The masculine world of the play, as mentioned previously, controls this particular production of Twelfth Night. Their actions sprinkle demonstrations of gender regulation and deviation throughout the play. For instance, while Sir Andrew might dress more feminine than the other characters, he compensates for this deviation with a few hypermasculine gestures. The audience particularly sees in the background of songs. During “ O Mistress Mine,” the audience sees Sir Andrew stroking the head of his phallic-shaped satchel. Though the song is about a woman, his public-facing response is to a man singing the song. This attraction is later confirmed by an intimate passing glance between him and Feste. In another instance, he rubs a mannequin’s breast during “I Needs Must Go.” He intends his hypermasculine and hypersexual gestures for comic effect, but these gestures more accurately demonstrate overt gender performativity. He is a man that needs to display sexual attraction because that is the expectation. Interestingly, though his stated purpose for being in Illyria is marrying Olivia, the audience does not see him speak two words to her in the course of the play. We see another deviation in his failed attempt to duel Cesario, in which Sir Toby and Fabian test his manhood. He corrects these deviations from gendered expectations through small actions that nod at masculinity. This correction protects him from the punishment that other characters endure for the same offenses.

While Sir Andrew corrects his deviation from normative gender performance through his actions, Malvolio’s deviation leads to far worse consequences. The masculine world, consisting of Toby and Fabian, punishes Malvolio for dressing outside of gender norms for their world: large hair, in this case as a wig, pastel clothes, ribbons, and makeup. His fashion, after the masculine world deceives him, reminds the audience of Sir Andrew’s costuming. Sir Andrew, however, makes a noticeable absence during the exorcism scene in which Sir Toby, Fabian, and Maria lock Malvolio in a skirt frame that doubles as a prison cell and convince Malvolio that he has gone mad. We see him dirty, beat down, and crying for help. In this instance, the masculine world punishes Malvolio for his deviation and locks him in their symbol for femininity and gender performativity. Though, because they regulate and enforce gender rules in Illyria, the men willingly don the same skirts themselves to conceal their identity just a few scenes earlier. The masculine world decides the rules for their gendered world, the privileged ones that get to break the rules without consequence, and the punishment for the unprivileged ones that do not understand their rules.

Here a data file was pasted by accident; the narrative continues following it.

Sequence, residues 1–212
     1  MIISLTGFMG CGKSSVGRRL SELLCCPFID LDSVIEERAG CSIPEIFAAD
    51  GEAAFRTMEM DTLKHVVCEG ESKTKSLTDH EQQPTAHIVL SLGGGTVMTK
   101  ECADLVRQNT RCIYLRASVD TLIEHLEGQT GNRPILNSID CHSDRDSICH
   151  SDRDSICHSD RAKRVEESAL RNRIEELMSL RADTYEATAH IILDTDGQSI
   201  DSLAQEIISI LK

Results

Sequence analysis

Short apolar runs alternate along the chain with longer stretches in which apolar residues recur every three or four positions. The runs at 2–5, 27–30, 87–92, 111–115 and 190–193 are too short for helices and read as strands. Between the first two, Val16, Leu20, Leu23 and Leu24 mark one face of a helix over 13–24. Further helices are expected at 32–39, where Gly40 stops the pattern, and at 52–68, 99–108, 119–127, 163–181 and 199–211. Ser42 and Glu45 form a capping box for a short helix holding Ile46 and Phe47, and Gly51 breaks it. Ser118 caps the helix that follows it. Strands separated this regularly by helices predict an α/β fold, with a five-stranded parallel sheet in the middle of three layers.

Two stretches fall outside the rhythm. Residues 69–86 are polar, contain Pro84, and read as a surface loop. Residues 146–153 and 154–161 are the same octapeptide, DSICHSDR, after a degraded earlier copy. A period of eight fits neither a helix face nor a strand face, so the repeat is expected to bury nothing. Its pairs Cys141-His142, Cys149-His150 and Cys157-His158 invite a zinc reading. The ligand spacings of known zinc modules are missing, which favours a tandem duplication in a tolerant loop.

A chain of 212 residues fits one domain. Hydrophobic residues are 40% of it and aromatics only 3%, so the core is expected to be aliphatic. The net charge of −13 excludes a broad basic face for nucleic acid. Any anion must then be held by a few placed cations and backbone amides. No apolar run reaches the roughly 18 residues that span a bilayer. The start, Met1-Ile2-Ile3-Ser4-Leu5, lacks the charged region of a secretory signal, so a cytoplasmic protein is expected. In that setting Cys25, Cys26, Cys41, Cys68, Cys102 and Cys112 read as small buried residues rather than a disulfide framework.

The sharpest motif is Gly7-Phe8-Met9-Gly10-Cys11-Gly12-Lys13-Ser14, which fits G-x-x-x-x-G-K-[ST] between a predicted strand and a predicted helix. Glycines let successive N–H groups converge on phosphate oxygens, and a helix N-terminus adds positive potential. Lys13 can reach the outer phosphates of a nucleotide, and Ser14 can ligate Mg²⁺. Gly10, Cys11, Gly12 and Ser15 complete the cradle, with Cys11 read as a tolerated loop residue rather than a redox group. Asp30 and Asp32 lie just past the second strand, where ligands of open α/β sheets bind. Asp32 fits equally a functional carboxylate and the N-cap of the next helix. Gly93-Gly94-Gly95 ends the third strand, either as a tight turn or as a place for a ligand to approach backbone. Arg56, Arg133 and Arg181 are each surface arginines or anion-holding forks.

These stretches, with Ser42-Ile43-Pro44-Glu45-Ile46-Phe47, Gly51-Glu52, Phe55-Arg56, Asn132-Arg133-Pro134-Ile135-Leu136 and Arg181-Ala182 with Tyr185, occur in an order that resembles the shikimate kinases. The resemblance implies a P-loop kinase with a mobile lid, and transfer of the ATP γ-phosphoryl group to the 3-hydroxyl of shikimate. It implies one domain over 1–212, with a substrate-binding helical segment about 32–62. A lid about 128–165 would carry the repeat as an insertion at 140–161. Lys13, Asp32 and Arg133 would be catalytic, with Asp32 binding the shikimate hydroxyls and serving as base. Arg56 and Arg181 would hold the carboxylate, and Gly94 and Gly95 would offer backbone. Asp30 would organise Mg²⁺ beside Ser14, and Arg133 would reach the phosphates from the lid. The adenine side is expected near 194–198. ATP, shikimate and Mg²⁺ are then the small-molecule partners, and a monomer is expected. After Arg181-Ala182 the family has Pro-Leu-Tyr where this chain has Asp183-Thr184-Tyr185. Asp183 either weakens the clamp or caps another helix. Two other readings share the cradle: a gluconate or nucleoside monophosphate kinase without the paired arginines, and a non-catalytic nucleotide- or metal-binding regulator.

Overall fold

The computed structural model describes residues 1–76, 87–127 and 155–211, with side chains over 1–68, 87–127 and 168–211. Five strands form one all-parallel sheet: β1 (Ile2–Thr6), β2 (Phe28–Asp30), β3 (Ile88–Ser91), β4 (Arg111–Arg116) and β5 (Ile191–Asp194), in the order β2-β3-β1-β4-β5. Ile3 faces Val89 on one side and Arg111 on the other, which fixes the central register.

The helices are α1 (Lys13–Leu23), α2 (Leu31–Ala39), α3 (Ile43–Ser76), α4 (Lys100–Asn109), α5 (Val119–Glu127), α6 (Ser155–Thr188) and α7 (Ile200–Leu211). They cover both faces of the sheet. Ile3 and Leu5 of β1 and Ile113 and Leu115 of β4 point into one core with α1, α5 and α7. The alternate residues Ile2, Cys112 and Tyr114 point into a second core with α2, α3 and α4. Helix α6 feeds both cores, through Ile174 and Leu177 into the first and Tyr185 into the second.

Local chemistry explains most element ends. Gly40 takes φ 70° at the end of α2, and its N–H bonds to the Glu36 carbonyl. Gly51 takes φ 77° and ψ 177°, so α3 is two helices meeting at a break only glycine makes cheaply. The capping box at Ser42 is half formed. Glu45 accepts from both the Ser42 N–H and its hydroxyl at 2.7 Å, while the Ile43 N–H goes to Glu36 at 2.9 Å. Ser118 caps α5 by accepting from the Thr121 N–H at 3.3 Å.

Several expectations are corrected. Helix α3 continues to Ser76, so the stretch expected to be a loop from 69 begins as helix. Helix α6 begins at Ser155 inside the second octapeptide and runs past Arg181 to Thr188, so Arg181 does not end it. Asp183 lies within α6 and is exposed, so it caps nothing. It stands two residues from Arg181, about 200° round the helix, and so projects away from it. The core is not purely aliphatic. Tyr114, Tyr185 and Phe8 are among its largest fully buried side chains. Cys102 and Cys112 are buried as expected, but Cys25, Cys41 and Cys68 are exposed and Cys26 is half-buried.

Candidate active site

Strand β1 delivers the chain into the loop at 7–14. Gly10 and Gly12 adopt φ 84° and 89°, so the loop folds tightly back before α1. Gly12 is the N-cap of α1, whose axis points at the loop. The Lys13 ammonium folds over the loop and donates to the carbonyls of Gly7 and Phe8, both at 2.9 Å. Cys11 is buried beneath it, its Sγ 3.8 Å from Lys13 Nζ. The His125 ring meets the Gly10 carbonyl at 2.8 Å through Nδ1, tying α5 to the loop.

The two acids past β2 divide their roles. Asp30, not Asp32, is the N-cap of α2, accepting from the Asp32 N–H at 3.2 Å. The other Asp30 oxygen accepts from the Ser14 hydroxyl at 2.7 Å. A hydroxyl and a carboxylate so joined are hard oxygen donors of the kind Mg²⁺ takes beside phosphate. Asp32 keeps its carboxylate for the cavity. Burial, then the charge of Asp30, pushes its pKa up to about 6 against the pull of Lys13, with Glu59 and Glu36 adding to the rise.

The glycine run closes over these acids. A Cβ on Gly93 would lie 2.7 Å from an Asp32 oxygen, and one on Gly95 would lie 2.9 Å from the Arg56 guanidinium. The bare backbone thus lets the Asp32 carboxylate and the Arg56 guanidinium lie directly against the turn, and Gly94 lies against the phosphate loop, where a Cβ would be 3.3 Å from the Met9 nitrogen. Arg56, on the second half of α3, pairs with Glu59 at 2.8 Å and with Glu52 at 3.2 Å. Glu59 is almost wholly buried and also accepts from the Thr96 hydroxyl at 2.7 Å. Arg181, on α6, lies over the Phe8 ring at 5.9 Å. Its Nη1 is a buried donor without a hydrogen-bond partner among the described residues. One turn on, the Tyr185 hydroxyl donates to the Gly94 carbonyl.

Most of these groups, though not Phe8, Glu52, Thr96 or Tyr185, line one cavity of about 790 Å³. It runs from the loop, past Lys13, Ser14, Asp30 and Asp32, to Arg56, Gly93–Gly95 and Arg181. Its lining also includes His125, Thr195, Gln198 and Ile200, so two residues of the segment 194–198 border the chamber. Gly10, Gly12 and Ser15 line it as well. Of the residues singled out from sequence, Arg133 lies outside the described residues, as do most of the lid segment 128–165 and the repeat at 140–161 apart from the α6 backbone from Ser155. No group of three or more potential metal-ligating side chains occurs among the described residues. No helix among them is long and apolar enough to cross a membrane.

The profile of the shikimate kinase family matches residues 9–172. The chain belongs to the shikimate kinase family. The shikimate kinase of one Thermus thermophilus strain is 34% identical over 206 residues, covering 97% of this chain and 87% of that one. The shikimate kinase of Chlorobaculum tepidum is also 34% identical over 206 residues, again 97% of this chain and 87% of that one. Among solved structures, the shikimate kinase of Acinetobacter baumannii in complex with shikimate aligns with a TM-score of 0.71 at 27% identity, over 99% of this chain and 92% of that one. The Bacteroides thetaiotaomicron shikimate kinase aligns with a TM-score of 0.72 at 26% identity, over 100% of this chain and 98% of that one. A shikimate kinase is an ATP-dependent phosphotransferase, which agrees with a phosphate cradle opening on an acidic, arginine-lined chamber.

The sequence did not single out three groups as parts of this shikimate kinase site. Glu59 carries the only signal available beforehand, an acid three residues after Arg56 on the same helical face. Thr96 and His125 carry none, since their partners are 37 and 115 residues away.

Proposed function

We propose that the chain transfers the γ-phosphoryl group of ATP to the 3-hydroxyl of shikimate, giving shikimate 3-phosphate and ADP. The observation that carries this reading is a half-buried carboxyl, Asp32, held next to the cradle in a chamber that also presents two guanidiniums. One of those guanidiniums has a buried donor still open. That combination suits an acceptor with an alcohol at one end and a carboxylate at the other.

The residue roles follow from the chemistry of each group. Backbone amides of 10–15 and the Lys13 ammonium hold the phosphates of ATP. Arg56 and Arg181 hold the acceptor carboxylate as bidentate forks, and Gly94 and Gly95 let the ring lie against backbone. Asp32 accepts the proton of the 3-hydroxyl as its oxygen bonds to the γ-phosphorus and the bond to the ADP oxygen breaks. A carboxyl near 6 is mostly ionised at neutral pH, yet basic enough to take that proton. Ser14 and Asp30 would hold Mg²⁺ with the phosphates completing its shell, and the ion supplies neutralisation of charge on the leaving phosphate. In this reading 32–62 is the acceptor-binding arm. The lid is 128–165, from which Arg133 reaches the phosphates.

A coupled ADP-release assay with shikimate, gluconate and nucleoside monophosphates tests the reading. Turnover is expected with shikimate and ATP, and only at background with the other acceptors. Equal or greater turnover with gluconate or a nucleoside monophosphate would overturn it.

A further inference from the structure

As stated before, the men highlight, and more importantly, control gendered performance in this production. This focus is unusual compared to productions that showcase Viola’s journey through gender. The ASC’s performance choices are important to note, however, because they show the audience their modern society in which the patriarchy functions in the same way as Sir Toby and his friends. The male control over the play and their regulation on gender make the conclusion all the more frightening, as most characters fall into their expected gender roles. Additionally, the production’s choice to subvert the play’s expected focus illustrates that discussions on gender are not synonymous with discussions on women. Instead, it shows us that gendered performance may have more to reveal about the masculine than the feminine.